This idea is corroborated in David Brooks’ book, “The Social Animal.” In it, Brooks discusses psychologist Arthur Aron’s idea of love, unlike happiness or sadness, as a motivational state, leading to euphoria or misery. That is, depending on whether you’ve just had a first kiss or are mending a broken heart, your performance in a wide range of activities will be affected.

Additionally, that motivational state can often become an obsession. Psychologists like to call this feeling “limerence,” or the state of being involuntary infatuated with another person, hoping for a reciprocal response. Neurologically, this phenomenon also rests in one’s reward system. Cocaine is said to trigger the same responses as love.

But why do we maintain love with just one person? Fisher discusses three chemicals — serotonin, dopamine and norepinephrine — that become associated with one person in order to stir romantic passions. In comparison with lust, one’s sexual desire can be satiated from a broader inclusion of people. In short, loving one person creates an emotional pull unlike any other.

Furthermore, one personal connection becomes more salient in terms of attachment. An attachment is driven by hormones like oxytocin, which creates feelings of peace, serenity and calmness. After months of a relationship, two people become enmeshed with one another, thereby developing deep attachments.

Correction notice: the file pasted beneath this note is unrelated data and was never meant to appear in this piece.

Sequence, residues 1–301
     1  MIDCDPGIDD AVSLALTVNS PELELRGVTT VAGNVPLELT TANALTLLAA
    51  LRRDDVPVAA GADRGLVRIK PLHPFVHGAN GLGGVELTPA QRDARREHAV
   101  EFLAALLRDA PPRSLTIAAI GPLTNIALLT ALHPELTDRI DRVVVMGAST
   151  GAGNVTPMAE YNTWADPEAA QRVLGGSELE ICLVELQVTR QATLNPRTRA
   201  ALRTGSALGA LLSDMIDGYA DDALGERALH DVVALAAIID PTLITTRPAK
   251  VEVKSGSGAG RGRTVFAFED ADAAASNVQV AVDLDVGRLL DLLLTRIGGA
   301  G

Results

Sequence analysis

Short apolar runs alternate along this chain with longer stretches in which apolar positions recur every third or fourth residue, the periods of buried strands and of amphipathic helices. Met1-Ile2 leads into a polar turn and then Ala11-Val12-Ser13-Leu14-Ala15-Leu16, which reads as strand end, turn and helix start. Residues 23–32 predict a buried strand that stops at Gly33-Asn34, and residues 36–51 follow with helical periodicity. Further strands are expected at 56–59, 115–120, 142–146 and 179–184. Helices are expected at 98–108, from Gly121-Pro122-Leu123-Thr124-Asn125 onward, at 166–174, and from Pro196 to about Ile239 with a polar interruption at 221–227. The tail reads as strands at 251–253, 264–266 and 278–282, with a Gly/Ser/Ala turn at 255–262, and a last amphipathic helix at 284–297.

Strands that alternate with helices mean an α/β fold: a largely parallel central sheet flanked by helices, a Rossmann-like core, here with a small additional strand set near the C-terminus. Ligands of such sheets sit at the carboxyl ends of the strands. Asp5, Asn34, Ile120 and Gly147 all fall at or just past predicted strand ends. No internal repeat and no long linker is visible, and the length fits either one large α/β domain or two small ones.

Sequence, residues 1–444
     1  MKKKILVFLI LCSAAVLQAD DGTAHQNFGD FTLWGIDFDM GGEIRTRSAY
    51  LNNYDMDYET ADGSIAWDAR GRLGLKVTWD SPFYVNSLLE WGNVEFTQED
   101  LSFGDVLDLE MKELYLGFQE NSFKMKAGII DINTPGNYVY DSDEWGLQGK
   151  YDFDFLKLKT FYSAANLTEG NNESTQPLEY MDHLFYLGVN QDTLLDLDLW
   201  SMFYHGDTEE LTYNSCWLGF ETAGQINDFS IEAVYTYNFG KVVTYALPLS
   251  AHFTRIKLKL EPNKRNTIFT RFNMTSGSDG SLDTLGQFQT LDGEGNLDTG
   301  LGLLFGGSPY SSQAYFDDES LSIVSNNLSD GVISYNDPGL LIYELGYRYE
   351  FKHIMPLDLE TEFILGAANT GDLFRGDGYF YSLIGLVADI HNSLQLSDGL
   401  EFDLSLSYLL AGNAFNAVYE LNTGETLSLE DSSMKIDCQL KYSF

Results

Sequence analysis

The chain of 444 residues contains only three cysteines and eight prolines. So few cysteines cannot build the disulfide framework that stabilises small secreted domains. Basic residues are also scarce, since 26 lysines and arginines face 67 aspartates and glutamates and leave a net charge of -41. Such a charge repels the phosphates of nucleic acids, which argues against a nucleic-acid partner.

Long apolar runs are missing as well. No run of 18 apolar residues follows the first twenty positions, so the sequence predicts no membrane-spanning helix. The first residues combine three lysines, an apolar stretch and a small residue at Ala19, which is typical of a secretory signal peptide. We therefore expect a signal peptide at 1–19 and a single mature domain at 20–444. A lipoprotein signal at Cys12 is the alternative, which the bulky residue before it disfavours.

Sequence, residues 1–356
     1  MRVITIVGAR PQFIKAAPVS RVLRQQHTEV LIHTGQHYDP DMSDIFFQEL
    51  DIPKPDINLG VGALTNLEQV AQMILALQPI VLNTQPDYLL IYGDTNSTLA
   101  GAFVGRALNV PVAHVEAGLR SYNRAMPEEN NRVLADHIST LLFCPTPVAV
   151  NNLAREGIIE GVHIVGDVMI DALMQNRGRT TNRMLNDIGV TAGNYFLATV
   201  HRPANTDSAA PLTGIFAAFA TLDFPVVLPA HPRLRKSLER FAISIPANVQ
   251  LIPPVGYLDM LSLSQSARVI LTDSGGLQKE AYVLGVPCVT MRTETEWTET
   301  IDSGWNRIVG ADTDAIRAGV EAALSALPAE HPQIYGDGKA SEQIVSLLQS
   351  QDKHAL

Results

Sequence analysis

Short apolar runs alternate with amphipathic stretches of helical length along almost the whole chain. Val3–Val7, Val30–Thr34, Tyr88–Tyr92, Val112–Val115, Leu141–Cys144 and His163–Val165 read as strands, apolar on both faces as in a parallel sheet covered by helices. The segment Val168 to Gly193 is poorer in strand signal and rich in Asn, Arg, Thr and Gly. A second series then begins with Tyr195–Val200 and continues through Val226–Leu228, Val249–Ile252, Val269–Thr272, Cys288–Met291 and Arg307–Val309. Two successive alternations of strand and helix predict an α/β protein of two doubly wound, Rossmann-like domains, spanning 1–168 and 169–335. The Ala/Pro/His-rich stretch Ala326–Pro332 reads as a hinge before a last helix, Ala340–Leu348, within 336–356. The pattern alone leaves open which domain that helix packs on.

Dr. Fisher states that after you “feel deep attachment to an individual … you feel intense energy, intense focus, intense motivation and the willingness to risk it all to win life’s greatest prize.”

Love induces addictive, withdrawal and relapse qualities. In other words, it’s a drug.

Of course, as many drugs do, love maintains terrible lows that often accompany its highs — like in a breakup. It would be easy if you could forget and remove the feelings once held for the person you loved, but you can’t erase your memories. The limbic system doesn’t forget. Instead, after being dumped, the reward system for wanting, craving, motivation and focus become more active when you can’t get what you want most.  

Personally, as someone who’s fallen in love, dumped someone and been dumped, I’ve experienced love’s euphoria and misery. And, like many others, I’ve found myself in each situation all at once.

Yet, for the emotional intensity that is a first date, breakup or intimate conversation, I believe we’re made better by our capacity to love. It’s deeply imbued with the passion that we personify as people, animating every aspect of our lives, whether we want it to or not. It also provides an incredible opportunity for learning. What better way to learn more about yourself, your partner or other people around you than through deep vulnerability and effusive intimacy?

Still, I can’t say for sure why love has evolved in humans. Maybe it’s helped us propagate our genes, deter war, share resources or just break the mundane routine. Regardless, it’s arguably one of the most distinguishing qualities of our species.

Sam Corey can be reached at samcorey@umich.edu.